Parking for High Schools

high school

This is the final installment of a five part series documenting parking minimums across the United States. Future graphs will explore parking minimums on a more local and conceptual level and will eventually include on-street parking policy as well.

There is no consensus on how to calculate minimum parking for high schools. The methods are so varied that I ended up leaving several cities off of this graphic in an effort to simplify comparisons. Still, despite my best efforts to use current national averages to build a fair basis of comparison, the numbers shown and the corresponding ranks of each city represent only one possible scenario and could shift significantly if different assumptions were used about student and staff population, built area, and/or the number of classrooms. The real lesson from this graph is the haphazardness with which minimums are calculated and the huge consequences for cities like Mesa that get it horribly wrong. Providing plentiful free parking to high school students gets them hooked on driving from an early age. It sets the expectation that driving is a rite of passage into adulthood and that any other method of getting around is immature or inferior. In a country with an obesity epidemic, that doesn’t seem to be the best lesson to teach. In a setting where equality should be a virtue, it provides a benefit to wealthier students, who have the means to drive a car, with funds that could go towards providing students (including those less well off) with a higher quality education.

Rather than make specific observations about the graph, I want to explore the real world effects of parking minimums for high schools. I chose at random two schools from Mesa, Arizona (the city with the highest requirement) and three from Milwaukee, Wisconsin (the only city listed that does not require parking). The five images show that Mesa requires far more parking than what seems from above to be typically used. On the other hand, Milwaukee’s lack of minimums does not translate to a complete lack of parking, but the difference is stark. Only a very small patch of each campus is allotted to parking, and the spaces provided are fully utilized.

Obviously these schools are not all exactly the same size, but the track shown in each image can be used for a sense of scale.

mesa high school 2

Mesa High School, Mesa, AZ

Dobson HS-2

Dobson High School, Mesa, AZ

madison HS Milwaukee

Madison High School, Milwaukee, WI

Vincent HS Milwaukee

Vincent High School, Milwaukee, WI

Riverside HS MIlwaukee 2

Riverside High School, Milwaukee, WI

Do you have any observations? Feel free to leave them below.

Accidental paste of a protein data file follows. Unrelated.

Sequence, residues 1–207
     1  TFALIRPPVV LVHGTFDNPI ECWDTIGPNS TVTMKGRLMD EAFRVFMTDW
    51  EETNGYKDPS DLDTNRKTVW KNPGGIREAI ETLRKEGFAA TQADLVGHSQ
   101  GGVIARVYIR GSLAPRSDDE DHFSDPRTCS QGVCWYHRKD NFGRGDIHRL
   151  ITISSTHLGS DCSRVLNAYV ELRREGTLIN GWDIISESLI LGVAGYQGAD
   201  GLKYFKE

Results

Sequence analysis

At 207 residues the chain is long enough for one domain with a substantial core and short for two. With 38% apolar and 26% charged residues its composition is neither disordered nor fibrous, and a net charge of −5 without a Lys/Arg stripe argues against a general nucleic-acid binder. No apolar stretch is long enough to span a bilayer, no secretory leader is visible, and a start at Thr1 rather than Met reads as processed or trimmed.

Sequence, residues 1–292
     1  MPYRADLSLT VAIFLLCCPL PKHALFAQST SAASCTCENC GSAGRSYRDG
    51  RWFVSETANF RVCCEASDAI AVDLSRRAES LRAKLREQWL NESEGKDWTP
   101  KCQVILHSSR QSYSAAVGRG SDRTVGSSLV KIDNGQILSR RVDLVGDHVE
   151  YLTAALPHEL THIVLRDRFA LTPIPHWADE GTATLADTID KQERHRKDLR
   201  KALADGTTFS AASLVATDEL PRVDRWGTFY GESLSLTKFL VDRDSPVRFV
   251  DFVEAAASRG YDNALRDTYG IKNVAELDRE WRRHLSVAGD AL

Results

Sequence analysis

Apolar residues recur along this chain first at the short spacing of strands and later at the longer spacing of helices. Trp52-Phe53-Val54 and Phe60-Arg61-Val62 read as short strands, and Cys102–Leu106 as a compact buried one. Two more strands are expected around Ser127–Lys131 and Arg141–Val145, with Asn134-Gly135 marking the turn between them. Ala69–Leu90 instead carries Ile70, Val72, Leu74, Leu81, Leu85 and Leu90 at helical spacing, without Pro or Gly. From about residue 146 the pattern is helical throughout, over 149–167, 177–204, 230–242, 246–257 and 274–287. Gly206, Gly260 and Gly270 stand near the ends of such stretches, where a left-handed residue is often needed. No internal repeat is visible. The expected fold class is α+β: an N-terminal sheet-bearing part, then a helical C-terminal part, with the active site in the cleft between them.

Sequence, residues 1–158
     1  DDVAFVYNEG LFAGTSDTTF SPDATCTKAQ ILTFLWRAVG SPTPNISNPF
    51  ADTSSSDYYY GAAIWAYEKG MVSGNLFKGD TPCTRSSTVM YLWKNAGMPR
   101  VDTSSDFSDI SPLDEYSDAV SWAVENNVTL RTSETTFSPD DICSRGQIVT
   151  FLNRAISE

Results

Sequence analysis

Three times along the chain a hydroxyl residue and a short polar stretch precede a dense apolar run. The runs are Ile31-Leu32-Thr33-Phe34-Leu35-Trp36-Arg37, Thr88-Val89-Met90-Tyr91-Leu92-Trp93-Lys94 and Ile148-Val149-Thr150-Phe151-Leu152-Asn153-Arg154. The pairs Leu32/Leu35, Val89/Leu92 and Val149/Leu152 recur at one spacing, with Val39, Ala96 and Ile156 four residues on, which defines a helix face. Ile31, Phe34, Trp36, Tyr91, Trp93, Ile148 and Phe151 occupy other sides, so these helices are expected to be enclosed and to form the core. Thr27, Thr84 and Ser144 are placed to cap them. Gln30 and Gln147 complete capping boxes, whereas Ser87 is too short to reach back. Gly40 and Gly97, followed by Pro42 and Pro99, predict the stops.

As always, the graph in a vector format: high school

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3 comments

  1. Interesting. Having lived in a city, I’m betting that a lot of pressure for parking for high schools comes from the people who live near or have businesses near the schools. In areas where there are not parking restrictions on nearby streets that would prevent high school students from parking on those streets, you can bet that the high school students would do so if there was not parking at the school, and you can bet that the neighborhood would be most unhappy about having the parking always being used up by high school students. On the other hand, the way to address this is maybe to at least try to do something like resident sticker parking on nearby streets (even just during the daytime hours), or limited parking hours (in business areas), or find other ways around the issue rather than blindly building more parking lots.

    The images of Mesa are also telling in another way. Both look like areas where the side streets are largely not through streets and the major streets are often high-speed, multi-lane streets. The result is a city that is notably unfriendly to pedestrians and cyclists. And the sprawl that goes with such an approach is also not very conducive to public transportation. Are we surprised that they feel the need for large parking lots?

  2. Reblogged this on Andrew Reker and commented:
    Interesting to note that there are cities with no or very little parking minimums for high schools — looking at the images you can see how the school integrates or distances itself from its neighborhood.

  3. Pingback: Mesa Tops the Charts in School Parking Spaces | APA News Feed


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